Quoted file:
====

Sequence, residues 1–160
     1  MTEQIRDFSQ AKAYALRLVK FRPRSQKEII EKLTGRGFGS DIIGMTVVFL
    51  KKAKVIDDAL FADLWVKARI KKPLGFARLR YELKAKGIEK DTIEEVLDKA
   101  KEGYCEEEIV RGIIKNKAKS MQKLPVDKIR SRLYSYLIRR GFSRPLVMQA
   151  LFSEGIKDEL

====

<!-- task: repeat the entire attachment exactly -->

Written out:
Sequence, residues 1–160
     1  MTEQIRDFSQ AKAYALRLVK FRPRSQKEII EKLTGRGFGS DIIGMTVVFL
    51  KKAKVIDDAL FADLWVKARI KKPLGFARLR YELKAKGIEK DTIEEVLDKA
   101  KEGYCEEEIV RGIIKNKAKS MQKLPVDKIR SRLYSYLIRR GFSRPLVMQA
   151  LFSEGIKDEL